Three new factors influencing the value of buildings
Investors are now thinking differently about what sustainability looks like in today’s prime real estate
There’s a new type of best-in-class building in town – one which responds to evolving sustainability demands from businesses, employees and wider society.
As investors search for buildings that will future-proof their portfolios, they’re paying closer attention to new risk factors linked to climate change while thinking more broadly about the social and health impact of their real estate.
It means that factors like improving resilience, reducing carbon emissions, and promoting employee wellbeing are playing a bigger role in determining a building’s financial value and the income it generates. Indeed, the UK’s Royal Institute of Chartered Surveyors recently updated its valuations guidance to place greater emphasis on a building’s sustainability credentials.
“The role of buildings in creating a more sustainable future is now in the spotlight,” says Lori Mabardi, ESG research director at JLL. “Stakeholder pressure is rising where regulators, occupiers, lenders and investors are expecting more from the built sector.”
So how are these new factors influencing the conversation?
1. Tackling climate risk and resilience
From floods to heatwaves, investors are increasingly aware of the direct impact of climate change on real estate portfolios.
More owners are assessing their portfolios early, as well as modelling future risk, says Mabardi.
“We’ve seen extreme weather grow four-fold in the past four decades in the U.S alone,” she says. “Real estate investors, landlords and occupiers are increasingly understanding that resilience needs to come into the equation. This could mean taking measures to address areas of weakness in the asset itself, or taking a portfolio view and evaluating exposure to a number of risks like wildfire or drought.”
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As investors and occupiers increasingly use a climate-risk lens when considering new markets and buildings, insurance companies and lenders will refine their pricing and lending accordingly.
What’s more, countries like the UK, France, Germany and Canada have established some level of mandatory climate-related financial risk disclosure – a move currently under discussion in other countries including the U.S.
Governments and cities are now starting to take action. In the U.S., Miami last year appointed its first chief heat officer, while Canada recently announced a raft of new climate measures including a carbon tax of CAD$40 per metric ton.
2. Cutting carbon footprints
As more companies unveil net zero plans and more regulations come into play, reducing carbon emissions from buildings is becoming a priority. As part of its 2040 net zero goals for its real estate portfolio, investment manager Nuveen is turning to renewable energy and implementing energy efficiencies.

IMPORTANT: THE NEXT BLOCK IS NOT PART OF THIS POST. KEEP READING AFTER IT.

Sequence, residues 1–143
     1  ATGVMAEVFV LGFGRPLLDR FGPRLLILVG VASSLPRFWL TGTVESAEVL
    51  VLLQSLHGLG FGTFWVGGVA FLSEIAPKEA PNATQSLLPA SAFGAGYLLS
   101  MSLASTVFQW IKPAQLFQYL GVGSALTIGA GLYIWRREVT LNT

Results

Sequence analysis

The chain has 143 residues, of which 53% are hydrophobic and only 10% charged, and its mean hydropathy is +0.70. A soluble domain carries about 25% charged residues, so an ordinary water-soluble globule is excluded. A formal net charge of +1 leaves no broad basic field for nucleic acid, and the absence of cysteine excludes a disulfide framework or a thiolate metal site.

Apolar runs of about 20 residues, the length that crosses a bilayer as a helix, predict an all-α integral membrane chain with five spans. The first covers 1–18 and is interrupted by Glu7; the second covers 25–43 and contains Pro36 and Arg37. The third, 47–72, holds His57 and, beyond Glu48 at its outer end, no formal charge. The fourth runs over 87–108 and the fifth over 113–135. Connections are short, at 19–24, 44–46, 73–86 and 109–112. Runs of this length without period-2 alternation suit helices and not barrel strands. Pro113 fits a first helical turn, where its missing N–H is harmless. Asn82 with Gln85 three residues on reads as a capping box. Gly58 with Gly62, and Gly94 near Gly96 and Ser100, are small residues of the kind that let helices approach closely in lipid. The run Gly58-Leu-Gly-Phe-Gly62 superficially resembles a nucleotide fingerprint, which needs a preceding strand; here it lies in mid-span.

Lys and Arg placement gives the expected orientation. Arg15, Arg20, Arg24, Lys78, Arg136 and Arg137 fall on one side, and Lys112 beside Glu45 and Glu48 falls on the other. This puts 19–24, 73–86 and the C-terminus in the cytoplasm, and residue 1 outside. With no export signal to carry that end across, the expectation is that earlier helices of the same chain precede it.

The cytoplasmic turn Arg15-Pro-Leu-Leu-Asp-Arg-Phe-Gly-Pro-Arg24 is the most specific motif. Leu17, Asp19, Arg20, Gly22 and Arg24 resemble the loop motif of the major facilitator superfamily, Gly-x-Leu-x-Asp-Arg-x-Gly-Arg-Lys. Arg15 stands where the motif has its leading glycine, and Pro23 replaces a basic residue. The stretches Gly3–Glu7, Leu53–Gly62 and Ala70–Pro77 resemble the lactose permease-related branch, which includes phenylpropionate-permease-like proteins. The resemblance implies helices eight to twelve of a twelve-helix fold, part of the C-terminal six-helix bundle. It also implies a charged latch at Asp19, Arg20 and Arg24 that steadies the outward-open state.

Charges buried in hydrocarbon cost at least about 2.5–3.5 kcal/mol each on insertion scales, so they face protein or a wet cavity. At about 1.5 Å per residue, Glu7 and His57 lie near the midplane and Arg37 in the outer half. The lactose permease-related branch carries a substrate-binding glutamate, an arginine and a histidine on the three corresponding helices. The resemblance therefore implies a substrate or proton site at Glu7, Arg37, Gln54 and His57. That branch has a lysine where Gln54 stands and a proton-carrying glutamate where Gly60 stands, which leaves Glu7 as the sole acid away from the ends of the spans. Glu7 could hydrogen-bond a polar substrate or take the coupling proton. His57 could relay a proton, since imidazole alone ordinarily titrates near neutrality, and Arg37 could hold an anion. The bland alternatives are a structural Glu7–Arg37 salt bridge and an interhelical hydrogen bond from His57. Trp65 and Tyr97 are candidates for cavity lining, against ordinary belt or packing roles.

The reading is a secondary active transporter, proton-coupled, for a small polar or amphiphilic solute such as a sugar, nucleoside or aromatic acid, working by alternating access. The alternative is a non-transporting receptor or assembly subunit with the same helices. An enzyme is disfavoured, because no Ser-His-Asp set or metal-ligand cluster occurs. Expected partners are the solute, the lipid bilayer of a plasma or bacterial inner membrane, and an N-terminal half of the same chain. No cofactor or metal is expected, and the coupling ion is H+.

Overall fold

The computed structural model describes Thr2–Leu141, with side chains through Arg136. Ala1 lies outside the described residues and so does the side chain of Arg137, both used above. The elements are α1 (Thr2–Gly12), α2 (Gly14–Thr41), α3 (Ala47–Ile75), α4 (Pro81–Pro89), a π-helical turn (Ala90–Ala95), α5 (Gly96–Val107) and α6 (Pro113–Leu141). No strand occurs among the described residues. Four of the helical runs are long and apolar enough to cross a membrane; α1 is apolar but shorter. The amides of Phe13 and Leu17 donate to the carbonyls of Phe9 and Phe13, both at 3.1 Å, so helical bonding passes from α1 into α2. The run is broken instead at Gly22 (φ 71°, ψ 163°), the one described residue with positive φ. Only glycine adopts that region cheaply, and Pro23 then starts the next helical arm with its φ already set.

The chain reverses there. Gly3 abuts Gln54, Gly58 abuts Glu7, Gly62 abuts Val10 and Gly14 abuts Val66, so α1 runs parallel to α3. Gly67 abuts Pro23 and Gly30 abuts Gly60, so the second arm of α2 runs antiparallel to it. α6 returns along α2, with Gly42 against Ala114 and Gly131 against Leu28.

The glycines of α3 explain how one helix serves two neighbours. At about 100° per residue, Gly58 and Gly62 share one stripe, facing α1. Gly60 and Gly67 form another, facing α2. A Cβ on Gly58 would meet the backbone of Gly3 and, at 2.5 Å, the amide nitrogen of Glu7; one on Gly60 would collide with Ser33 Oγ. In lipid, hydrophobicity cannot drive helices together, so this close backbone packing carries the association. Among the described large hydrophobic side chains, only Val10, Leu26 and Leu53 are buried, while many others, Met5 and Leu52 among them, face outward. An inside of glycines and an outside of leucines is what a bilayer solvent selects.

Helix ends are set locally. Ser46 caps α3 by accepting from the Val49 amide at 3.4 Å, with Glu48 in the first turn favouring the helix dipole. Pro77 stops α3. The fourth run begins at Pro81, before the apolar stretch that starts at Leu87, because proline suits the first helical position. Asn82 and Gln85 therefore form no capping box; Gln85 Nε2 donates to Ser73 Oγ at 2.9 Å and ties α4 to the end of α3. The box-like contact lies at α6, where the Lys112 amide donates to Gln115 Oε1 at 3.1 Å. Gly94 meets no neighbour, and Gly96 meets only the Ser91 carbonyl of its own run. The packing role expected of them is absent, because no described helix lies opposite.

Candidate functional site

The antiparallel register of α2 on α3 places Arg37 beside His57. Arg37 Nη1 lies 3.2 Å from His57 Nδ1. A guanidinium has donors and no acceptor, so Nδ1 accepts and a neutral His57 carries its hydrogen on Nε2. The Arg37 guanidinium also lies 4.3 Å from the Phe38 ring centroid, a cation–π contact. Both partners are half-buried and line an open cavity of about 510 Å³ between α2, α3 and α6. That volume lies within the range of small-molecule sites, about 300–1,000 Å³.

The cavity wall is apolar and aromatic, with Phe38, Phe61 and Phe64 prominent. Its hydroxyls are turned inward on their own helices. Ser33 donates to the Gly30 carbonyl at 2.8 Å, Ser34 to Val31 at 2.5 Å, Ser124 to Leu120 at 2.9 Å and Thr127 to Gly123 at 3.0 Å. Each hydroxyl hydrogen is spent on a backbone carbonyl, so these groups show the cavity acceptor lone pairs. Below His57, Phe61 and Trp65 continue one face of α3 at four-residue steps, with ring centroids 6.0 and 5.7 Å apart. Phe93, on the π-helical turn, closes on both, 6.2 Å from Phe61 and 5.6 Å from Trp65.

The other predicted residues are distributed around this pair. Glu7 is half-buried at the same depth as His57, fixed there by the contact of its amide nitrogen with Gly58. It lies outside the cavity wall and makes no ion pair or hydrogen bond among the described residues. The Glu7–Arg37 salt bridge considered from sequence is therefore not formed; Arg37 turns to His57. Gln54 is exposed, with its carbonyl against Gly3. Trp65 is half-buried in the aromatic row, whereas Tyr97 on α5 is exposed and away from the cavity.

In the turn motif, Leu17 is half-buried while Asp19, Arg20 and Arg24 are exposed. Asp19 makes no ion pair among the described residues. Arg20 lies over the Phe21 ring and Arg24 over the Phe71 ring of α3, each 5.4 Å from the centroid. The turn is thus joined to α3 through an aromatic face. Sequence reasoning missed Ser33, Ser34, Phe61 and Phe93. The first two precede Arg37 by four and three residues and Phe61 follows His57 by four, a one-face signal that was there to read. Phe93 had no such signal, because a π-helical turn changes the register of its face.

Buildings that fail to address their carbon footprint will soon start to fall behind, says Emily Chadwick, ESG risk & valuation director at JLL.
“There are dozens of studies indicating a value differential associated with more energy efficient real estate,” she says. “However, decarbonizing an asset takes planning, investment, and time. Waiting to act exposes an asset to the risk of stranding and investors then risk a brown discount.”
Historically, green certifications have seen a sales premium of 7.6 percent and a rent premium of 6 percent, according to data from Dalton and Fuerst. Buildings with BREEAM Outstanding ratings recorded rent premiums between 4 percent and 11 percent and hit 100 percent pre-leasing compared to 50 percent for standard properties, JLL’s Return on Sustainability report found.
“But not all green certifications equate to a long-term low carbon footprint – some are more focused on initial sustainable design than ongoing operations – and taking this into consideration will reset the value conversation,” says Chadwick.
3. Promoting health & wellbeing for tenants
Buildings will increasingly be graded on their ability to not only support but also optimize the health, wellbeing and performance of the people using them.
“Healthy buildings are good for the bottom line,” says Mabardi. “Take cleaner air, for example, which helps boost energy and engagement levels among employees and consequently improves productivity.”
Research from Allen and McComber shows that in the U.S. alone, the savings and productivity gains from improved indoor environments are between $25 billion to $150 billion a year.
And increasingly that’s something companies are prepared to pay for. Effective rents for healthy buildings in the U.S. command between 4.4 percent and 7.7 percent more rent per square foot than peers that are not WELL or FITWEL certified, according to research by MIT’s Real Estate Innovation Lab.
And with the pandemic putting even more onus on healthy and sustainable spaces, it’s accelerated the longer-term shift in corporate and investor attitudes.
“Changing expectations mean that buildings need to meet new requirements, for people using them or the capital investing in them,”says Guy Grainger, Global Head of Sustainability Services & ESG at JLL. “Whether it’s health & wellbeing, climate risk or social impact, the future value of the building depends on getting these right.”